This has got to be the astronomical headline to end them all: Johns Hopkins Reveals Color of the Universe: It Doesn't Go With Anything. :)
Sometimes, all you can do is just laugh at the mishaps.
Important Things To Do:
Warning: political content ahead!
Unsurprisingly, Dubya is an idiot: slashing NASA's budget to pay for a tax break for his cronies. You can write him to tell him just how horrible a mistake he's making at:
George W Bush
1600 Pennsylvania Ave
Washington DC 20500-0001
Also be sure to contact your Representative (lookup is here) and Senators (lookup is here) and let them know that you support NASA and they should too!
I've been a fan of the space program for as long as I can remember.
I can just remember Apollo XI landing; I clearly remember Apollo XIII and the rest of the moon missions and Skylab and Apollo-Soyuz and Viking, and I remember being spellbound.
Given a preference, I suppose I'd rather be on orbit on the ISS right now. Failing that, I just have to make do with watching and marveling.
Just after I turned ten in 1973, we were visiting my grandparents at their home on Lake Erie during the Skylab 4 mission. The local paper had printed overflights for a few days earlier in the week, but not for when we were visiting. Undaunted, I was determined to find the pattern to unlock when it would be overhead again, not really realizing exactly what went into orbital mechanics and spacecraft tracking. I was just determined to see with my own eyes our space station, even though I knew it would just be a featureless, moving dot.
I was off by about five minutes in time and about ten degrees in space. Not bad for a ten year old. :)
Five and a half years later, Skylab and I crossed paths again in much the same way -- on 10 July 1979, I was determined to see it again before it de-orbited, and again, the newspaper was less than helpful -- of course, by then, Skylab's orbit was decaying badly and was harder to predict. Still, with patience and a little luck, I was rewarded with a bright orange streak as Skylab skimmed the atmosphere on one of its last few orbits before coming down in Australia.
In 1986, armed with an old (ca. 1958) Tasco alt-az 2.25" Newtonian, I had to make do with makeshift calculations and a little bit of luck again, this time to catch a glimpse of Halley's Comet, although not a very good look. Still, that didn't matter -- the important thing was seeing it, not taking precise measurements.
Earlier that same year, I spent a week crying over the Challenger. The idea of NASA having a failure -- and worse, an avoidable one -- was then completely alien to me. I was too young to recall the Apollo I fire; my whole concept of what happened when disaster struck a NASA program was shaped by the recovery of Apollo XIII. NASA couldn't fail, or so I thought. My mom woke me up early that January morning and just told me to go watch the news. It was incomprehensible -- and in retrospect reprehensible, now that we know it could have been avoided. Mom told me later that day, "Now I think you understand what it was like when Kennedy was assassinated." Maybe so. I still shudder when I hear the words "Roger, go with throttle up."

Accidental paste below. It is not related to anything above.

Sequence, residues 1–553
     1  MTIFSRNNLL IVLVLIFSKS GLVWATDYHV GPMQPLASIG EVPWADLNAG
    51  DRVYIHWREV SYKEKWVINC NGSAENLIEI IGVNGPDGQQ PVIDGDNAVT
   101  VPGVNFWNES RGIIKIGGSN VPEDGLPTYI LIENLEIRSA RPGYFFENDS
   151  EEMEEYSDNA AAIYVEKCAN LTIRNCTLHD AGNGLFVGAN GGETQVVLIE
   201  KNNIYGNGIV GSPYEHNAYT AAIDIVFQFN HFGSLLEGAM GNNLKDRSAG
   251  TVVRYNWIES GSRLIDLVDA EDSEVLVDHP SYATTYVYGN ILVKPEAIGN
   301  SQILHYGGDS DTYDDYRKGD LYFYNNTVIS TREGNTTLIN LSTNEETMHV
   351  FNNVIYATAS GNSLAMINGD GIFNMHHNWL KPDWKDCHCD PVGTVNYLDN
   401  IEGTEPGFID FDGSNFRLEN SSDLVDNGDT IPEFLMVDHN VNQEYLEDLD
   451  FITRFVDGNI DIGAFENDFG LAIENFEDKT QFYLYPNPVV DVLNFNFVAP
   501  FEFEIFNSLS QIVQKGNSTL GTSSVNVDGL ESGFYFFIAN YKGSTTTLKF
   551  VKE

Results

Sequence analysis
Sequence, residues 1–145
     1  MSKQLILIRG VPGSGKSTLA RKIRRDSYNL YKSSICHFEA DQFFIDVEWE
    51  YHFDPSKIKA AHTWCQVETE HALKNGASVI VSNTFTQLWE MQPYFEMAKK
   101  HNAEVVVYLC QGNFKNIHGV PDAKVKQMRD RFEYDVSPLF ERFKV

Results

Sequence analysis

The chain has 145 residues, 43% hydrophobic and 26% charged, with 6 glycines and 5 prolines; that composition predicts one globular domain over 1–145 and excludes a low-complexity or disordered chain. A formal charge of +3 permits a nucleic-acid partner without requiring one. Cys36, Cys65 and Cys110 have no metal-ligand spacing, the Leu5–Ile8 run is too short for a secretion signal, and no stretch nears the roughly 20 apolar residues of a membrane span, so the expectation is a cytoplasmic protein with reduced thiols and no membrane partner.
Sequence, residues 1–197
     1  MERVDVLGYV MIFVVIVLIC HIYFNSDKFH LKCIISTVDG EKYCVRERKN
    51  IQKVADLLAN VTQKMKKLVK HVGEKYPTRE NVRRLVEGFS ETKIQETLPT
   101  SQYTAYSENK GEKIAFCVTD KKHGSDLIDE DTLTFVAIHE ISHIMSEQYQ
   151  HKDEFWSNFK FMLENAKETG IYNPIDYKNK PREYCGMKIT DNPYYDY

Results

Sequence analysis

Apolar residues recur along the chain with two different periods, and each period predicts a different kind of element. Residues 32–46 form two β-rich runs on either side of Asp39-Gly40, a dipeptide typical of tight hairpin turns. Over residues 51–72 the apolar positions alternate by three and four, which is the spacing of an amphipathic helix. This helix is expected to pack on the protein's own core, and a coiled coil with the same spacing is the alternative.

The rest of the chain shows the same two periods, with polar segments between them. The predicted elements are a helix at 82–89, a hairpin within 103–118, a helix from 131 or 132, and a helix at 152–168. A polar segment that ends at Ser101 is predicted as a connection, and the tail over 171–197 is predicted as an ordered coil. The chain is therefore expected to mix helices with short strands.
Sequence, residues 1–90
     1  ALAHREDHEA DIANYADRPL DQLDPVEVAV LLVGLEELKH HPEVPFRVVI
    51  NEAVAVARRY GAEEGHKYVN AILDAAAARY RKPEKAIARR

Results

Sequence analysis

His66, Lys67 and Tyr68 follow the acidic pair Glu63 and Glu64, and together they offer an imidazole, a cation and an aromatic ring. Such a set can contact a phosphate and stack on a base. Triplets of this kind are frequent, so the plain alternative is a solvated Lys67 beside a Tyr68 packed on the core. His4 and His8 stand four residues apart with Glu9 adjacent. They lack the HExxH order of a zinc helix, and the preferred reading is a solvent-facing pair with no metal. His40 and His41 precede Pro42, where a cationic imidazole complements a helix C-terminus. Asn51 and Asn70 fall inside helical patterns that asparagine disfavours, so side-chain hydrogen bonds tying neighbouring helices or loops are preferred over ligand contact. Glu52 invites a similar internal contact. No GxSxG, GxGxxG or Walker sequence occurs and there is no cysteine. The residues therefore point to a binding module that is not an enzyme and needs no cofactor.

A few years later, when NASA finally launched again, I was working in an engineering office as administrative support. The day of the launch, I brought a pocket TV in with me. Half the engineers were around my desk as we watched Discovery take us back into space. I remember praying, shouting "Go, you big beautiful bird!" and crying with relief when she made orbit.
Space is important. I guess I didn't realize how important it was to me until that launch.
Anyway, my interest spiked even more when, in 1999, I finally bought myself a good telescope: a Meade 4500. Later that year, I joined the Columbus Astronomical Society (thanks, Don!), and have been looking up ever since.
I'll have real content here shortly, including the only astrophotograph I've ever taken (under somewhat unusual circumstances). Not only do I enjoy looking at things in space, I build models of spacecraft (excluding the Babylon 5 station, they're all of real, historical spacecraft). My models of the Mir and the R7-8K71 (the Sputnik I launch vehicle) are currently on display at the Perkins Observatory library. At home are the Galileo, the Shuttle and a Snap-Tite model of Mir, and in the works is a model of the ISS. Photos of them are forthcoming.
In the interim, we'll just have to make do with some links.
The Columbus Astronomical Society - The club I belong to, a great bunch of folks. :)
Perkins Observatory - Where we meet. No, I haven't seen the ghost of Hiram Perkins yet ... but then, I'm usually looking up while I'm there.
The National Aeronautics and Space Administration - No explanation necessary. :)
The Russian Space Research Institute - Again, no explanation necessary.
The European Space Agency - And yet again, no explanation necessary.
The Hubble Space Telescope - Hubble, and the coolest pictures in the universe.
The Solar and Heliospheric Observatory - Realtime observations of the Sun and its corona. Cool screensaver there, too.
Friends and Partners in Space - The definitive spaceflight encyclopedia.
Extrasolar Planets - Butler and Marcy's official site